No clinical division/department at Stanford has changed more in the last fifteen years than the Division of General Surgery. To accomplish our core mission of providing the highest quality patient care, cutting edge research, and an outstanding education to medical students and General Surgery residents, a program of recruitment of surgical leaders was begun in July 2000. At that time, Ralph S. Greco, M.D. came to Stanford from the Robert Wood Johnson Medical School as the Johnson & Johnson Distinguished Professor of Surgery, Chief of the Division of General Surgery, and Program Director of the General Surgery Residency Program. Dr. Greco stepped down as Division Chief in 2006 and Jeffrey A. Norton, M.D., Robert L. & Mary Ellenburg Professor of Surgery, assumed those duties.
The culmination of this recruitment of faculty gives the Division of General Surgery a group of outstanding leaders in senior positions. Within this structure, it is now possible for General Surgery to fulfill its mission of quality patient care, research, and education with a faculty that rivals any west of the Mississippi. These developments also provide the infrastructure to support our goal in surgical training, which is to develop the next generation of leaders in surgery in the United States. The vehicle for this is the General Surgery Training Program, which continues to flourish and competes favorably with the best programs in the country for the finest graduates of medical schools in the United States.
It is our hope that our entire faculty, new and continuing members of the Division as well as all of our surgical residents will build on this legacy as we move into the 21st century as dedicated as ever to quality patient care, teaching and research.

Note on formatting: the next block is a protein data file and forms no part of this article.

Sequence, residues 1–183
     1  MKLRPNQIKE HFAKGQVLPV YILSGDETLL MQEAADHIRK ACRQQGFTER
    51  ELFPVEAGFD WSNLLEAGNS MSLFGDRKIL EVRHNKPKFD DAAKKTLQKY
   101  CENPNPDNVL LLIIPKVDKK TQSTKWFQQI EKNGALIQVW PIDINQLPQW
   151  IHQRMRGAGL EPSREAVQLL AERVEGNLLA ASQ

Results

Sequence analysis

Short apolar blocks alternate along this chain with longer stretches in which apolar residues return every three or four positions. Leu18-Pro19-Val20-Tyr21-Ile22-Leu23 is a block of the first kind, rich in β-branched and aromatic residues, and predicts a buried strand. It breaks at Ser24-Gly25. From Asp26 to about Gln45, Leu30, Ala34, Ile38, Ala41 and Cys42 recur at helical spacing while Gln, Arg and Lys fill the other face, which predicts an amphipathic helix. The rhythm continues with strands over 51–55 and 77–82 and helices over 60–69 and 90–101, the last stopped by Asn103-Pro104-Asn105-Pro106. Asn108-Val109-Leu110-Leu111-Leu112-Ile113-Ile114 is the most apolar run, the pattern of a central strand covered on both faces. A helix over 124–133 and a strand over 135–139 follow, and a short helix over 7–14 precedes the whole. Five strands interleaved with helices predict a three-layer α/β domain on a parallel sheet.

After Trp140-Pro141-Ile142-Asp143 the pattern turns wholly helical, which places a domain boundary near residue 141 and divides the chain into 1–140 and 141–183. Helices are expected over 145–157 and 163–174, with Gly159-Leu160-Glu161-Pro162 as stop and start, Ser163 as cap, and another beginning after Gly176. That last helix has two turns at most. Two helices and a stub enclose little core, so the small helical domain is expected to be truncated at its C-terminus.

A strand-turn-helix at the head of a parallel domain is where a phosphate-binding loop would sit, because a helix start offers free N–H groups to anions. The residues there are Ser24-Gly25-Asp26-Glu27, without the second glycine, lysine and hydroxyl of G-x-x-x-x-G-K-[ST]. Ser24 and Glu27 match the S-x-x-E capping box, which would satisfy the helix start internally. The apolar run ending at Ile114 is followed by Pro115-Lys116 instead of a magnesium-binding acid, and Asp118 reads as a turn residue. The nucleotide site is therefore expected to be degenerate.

Clinic Information & Appointments
The Asian Liver Center
The Asian Liver Center at Stanford University is the first non-profit organization in the United States that addresses the disproportionately high rates of chronic hepatitis B infection and liver cancer in Asians and Asian Americans. Founded in 1996, the center addresses the gaps in the fight against hepatitis B through a four-pronged approach of collaboration, advocacy, research, and education & outreach (CARE). The ultimate goal of the Center is to eliminate the transmission and stigma of hepatitis B, and reduce deaths from liver cancer and liver disease caused by chronic hepatitis B.
Palo Alto Veterans Hospital, Surgical Service
The Palo Alto Veterans Hospital is an important component of the Training Program and is a Dean's affiliated hospital staffed by Stanford University Faculty. Residents in the general surgery training program rotate in the PGY 1, 2, and 4th years of training on the general surgery, vascular, and cardio-thoracic services. There are five general surgical Stanford faculty based at the VA medical center.
Dr. Sherry Wren, Professor and Vice Chair of Surgery, Director of Global Surgery at Stanford University serves as the Chief of General Surgery at the VA Hospital and the Site Program Director. Dr. Wren has a focused interest in GI cancers, HPB, and Robotics. Her research is primarily focused on global surgical issues throughout the low and middle income nations. She has been recognized many times regionally and nationally for her dedication to education and mentorship.
Dr. Dan Eisenberg, Associate Professor, is a fellowship trained MIS surgeon who serves as the Chief of the Minimally Invasive and Bariatric program, which includes a fellowship program for MIS and robotics at the VA. He serves as the PAVAH - MIS fellowship director and is a distinguished gastrointestinal surgeon and educator.
Dr. George Yang, MD, PhD, Associate Professor, is primarily a basic research scientist in the field of tissue engineering and has received numerous grants and awards to support this research program. Clinically his focus is ambulatory surgical procedure, especially inguinal hernia disease.
Dr. Daphne Ly, Clinical Assistant Professor (Affiliated), is a fellowship trained critical care specialist. Her clinical focus is on critical care, ultrasonography, and breast disease. She is the faculty lead for the Women’s Veterans Program.